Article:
Farewell then, my golden repeater,

We're come to my Uncle's old shop-
And Hunger won't be a dumb-waiter,

The Cerberus growls for a sop!


"The Needles have sometimes been fatal to Mariners.”


One closc of day —'t was in the bay
Of Naples, bay of glory!
While light was hanging crowns of gold
On mountains high and hoary,
A gallant bark got under weigh,
And with her sails my story.

For Leghorn she was bound direct,
With wine and oil for cargo,
Her crew of men some nine or ten,
The captain's name was Iago ;
A good and gallant bark she was,
La Donna (called) del Lago.

Bronzed mariners were hers to view,
With brown cheeks, clear or muddy,

Dark, shining eyes, and coal-black hair,
Meet heads for painter's study;
But ’midst their tan there stood one man,
Whose cheek was fair and ruddy ;

His brow was high, a loftier brow
Ne'er shone in song or sonnet,
His hair a little scant, and when
He doffed his cap or bonnet,
One saw that Grey had gone beyond
A premiership upon it !

His eye-a passenger was he,
The cabin he had hired it, —
His eye was grey, and when he looked
Around, the prospect fired it -
A fine poetic light, as if
The Appe-Nine inspired it.

His frame was stout, in height about
Six feet — well made and portly; .
Of dress and manner just to give
A sketch, but very shortly,
His order seemed a composite
Of rustic with the courtly.

He ate and quaffed, and joked and laughed,
And chatted with the seamen,
And often tasked their skill and asked
“ What weather is 't to be, man?”

No demonstration there appeared
That he was any demon.

No sort of sign there was that he
Could raise a stormy rumpus,
Like Prospero make breezes blow,
And rocks and billows thump us,-
But little we supposed what he
Could with the needle compass !

Soon came a storm — the sea at first
Seemed lying almost fallow —
When lo ! full crash, with billowy dash,
From clouds of black and yellow,
Came such a gale, as blows but once
A century, like the aloe !

Our stomachs we had just prepared
To vest a small amount in ;
When, gush! a flood of brine came down
The skylight — quite a fountain,
And right on end the table reared,
Just like the Table Mountain.

Down rushed the soup, down gushed the wine,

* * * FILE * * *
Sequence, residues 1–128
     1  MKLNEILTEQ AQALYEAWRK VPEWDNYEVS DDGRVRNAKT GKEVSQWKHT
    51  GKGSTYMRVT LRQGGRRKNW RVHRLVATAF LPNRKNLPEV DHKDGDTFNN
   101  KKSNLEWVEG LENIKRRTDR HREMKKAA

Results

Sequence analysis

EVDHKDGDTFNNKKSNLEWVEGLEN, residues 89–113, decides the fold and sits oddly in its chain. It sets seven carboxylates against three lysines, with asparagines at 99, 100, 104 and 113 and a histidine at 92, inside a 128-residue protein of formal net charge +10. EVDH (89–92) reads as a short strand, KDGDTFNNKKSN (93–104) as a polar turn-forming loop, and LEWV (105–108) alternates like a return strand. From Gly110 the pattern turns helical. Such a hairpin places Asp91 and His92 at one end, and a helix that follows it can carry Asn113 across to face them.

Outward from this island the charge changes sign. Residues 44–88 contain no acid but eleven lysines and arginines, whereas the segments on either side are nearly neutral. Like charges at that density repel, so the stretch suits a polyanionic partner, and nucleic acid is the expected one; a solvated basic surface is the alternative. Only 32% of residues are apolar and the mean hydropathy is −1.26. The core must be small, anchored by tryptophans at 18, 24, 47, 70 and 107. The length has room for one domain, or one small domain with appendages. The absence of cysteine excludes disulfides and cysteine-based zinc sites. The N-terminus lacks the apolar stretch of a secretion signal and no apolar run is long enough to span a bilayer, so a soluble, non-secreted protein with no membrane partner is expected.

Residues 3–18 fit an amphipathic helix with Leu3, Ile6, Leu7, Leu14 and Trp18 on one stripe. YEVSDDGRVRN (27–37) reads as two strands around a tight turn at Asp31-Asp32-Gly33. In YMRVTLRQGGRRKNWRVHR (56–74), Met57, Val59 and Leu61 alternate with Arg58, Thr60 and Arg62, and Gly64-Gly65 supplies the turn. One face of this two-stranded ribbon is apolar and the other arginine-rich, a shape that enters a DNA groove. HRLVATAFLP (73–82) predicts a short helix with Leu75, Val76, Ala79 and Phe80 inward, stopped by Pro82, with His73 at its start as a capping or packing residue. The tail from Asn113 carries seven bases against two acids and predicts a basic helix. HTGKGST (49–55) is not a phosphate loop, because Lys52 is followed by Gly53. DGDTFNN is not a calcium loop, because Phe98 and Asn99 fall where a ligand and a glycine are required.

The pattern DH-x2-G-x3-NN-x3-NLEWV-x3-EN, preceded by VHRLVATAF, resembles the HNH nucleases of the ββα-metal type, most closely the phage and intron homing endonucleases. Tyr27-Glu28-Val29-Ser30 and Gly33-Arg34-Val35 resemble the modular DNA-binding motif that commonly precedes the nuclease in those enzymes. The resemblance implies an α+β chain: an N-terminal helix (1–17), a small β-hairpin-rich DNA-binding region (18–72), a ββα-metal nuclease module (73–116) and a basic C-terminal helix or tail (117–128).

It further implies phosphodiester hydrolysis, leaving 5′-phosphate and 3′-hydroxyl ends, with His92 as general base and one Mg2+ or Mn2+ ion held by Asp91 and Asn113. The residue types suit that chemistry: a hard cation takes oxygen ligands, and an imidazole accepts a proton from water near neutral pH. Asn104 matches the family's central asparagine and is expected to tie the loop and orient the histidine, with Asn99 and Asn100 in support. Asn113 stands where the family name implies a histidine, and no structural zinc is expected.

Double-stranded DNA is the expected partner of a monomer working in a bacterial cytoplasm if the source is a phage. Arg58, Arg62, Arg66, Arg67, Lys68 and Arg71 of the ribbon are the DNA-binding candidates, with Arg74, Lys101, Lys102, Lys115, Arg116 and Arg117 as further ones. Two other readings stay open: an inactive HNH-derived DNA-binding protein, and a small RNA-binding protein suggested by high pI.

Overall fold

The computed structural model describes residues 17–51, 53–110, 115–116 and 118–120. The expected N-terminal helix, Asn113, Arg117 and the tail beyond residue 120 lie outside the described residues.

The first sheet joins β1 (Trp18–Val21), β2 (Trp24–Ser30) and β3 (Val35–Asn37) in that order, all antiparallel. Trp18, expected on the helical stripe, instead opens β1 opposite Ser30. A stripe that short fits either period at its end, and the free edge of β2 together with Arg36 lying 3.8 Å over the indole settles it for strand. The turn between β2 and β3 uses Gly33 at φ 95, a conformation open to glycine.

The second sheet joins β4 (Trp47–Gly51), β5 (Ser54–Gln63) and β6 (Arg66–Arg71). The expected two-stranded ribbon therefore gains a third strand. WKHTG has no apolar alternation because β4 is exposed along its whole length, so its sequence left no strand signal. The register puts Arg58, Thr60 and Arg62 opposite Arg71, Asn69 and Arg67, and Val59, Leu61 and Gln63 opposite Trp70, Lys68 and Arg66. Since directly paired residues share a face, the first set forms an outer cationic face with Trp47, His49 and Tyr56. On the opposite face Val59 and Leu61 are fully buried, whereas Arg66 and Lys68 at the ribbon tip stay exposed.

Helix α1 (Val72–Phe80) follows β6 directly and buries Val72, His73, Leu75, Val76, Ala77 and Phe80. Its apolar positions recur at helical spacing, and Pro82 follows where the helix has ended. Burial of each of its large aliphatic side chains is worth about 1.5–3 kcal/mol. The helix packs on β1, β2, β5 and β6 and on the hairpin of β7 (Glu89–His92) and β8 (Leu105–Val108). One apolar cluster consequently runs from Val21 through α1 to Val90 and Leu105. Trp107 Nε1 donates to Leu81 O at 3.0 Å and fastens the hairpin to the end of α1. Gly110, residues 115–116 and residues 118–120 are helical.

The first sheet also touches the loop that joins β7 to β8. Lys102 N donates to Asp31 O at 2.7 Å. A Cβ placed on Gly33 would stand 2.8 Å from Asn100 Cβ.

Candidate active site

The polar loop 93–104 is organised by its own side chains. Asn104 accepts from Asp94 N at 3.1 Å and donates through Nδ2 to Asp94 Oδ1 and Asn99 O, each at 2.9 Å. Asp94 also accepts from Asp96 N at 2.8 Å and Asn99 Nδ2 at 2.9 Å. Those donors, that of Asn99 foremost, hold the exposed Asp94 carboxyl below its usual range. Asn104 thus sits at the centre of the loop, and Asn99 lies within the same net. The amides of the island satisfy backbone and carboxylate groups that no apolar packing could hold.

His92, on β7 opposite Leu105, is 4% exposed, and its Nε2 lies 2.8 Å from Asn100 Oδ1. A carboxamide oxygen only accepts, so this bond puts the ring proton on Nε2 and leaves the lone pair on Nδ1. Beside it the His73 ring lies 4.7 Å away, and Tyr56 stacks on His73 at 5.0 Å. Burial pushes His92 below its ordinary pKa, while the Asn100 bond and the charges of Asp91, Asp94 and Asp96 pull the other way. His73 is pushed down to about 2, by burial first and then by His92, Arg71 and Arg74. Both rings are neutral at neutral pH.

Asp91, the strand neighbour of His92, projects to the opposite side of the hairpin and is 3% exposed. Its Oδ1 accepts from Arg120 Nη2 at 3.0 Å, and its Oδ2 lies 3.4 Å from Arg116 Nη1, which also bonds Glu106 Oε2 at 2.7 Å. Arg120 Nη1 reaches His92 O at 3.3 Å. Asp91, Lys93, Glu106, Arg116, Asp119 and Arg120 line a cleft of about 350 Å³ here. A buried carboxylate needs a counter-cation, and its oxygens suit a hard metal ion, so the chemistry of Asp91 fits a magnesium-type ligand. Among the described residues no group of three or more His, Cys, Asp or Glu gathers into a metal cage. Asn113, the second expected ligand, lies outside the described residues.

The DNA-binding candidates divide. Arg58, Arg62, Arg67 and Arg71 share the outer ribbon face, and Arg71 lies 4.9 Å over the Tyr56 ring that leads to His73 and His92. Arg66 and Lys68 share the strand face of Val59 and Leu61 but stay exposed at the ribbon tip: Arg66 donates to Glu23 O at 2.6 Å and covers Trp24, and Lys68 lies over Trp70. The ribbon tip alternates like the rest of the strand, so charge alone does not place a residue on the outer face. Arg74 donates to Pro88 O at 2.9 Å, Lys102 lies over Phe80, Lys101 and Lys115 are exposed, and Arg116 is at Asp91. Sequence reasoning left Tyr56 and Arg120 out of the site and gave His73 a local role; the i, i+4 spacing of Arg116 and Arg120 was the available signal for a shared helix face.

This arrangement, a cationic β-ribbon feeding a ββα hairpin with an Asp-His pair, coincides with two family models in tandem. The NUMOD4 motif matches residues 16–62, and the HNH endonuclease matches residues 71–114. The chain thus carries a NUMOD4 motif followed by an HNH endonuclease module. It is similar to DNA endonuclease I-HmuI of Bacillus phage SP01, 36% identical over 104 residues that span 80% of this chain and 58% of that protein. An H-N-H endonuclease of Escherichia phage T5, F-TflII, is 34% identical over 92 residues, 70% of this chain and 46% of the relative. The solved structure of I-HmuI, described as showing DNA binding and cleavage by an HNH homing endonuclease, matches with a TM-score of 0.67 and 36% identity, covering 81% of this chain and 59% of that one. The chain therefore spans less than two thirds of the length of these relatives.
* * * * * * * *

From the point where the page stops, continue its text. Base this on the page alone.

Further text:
Each roll, its róle repeating,
Rolled down — the round of beef declared
For parting — not for meating !
Off flew the fowls, and all the game
Was “ too far gone for eating !”

Down knife and fork — down went the pork,
The lamb too broke its tether ;
Down mustard went — each condiment -
Salt — pepper — all together!
Down every thing, like craft that seek
The Downs in stormy weather.

Down plunged the Lady of the Lake, .
Her timbers seemed to sever;
Down, down, a dreary derry down,
Such lurch she had gone never;
She almost seemed about to take
A bed of down for ever!

Down dropt the captain's nether jaw,
Thus robbed of all its uses,
He thought he saw the Evil One
Beside Vesuvian sluices,
Playing at dice for soul and ship,
And throwing Sink and Deuces.

Down fell the steward on his face,
To all the Saints commending;
And candles to the Virgin vowed,
As save-alls 'gainst his ending.
Down fell the mate, he thought his fate,
Check-mate, was close impending !

Down fell the cook — the cabin boy,
Their beads with fervor telling,

While alps of surge, with snowy verge,
Above the yards came yelling.
Down fell the crew, and on their knees
Shuddered at each white swelling !

Down sunk the sun of bloody hue,
His crimson light a cleaver
To each red rover of a wave:
To eye of fancy-weaver,
Neptune, the God, seemed tossing in
A raging scarlet fever!

Sore, sore afraid, each papist prayed
To Saint and Virgin Mary;
But one there was that stood composed
Amid the waves' vagary;
As stanch as rock, a true game cock
'Mid chicks of Mother Carey !

His ruddy cheek retained its streak,
No danger seemed to shrink him :
His step still bold, — of mortal mould
The crew could hardly think him :
The Lady of the Lake, he seemed
To know, could never sink him.

Relaxed at last the furious gale
Quite out of breath with racing;
The boiling flood in milder mood,
With gentler billows chasing ;

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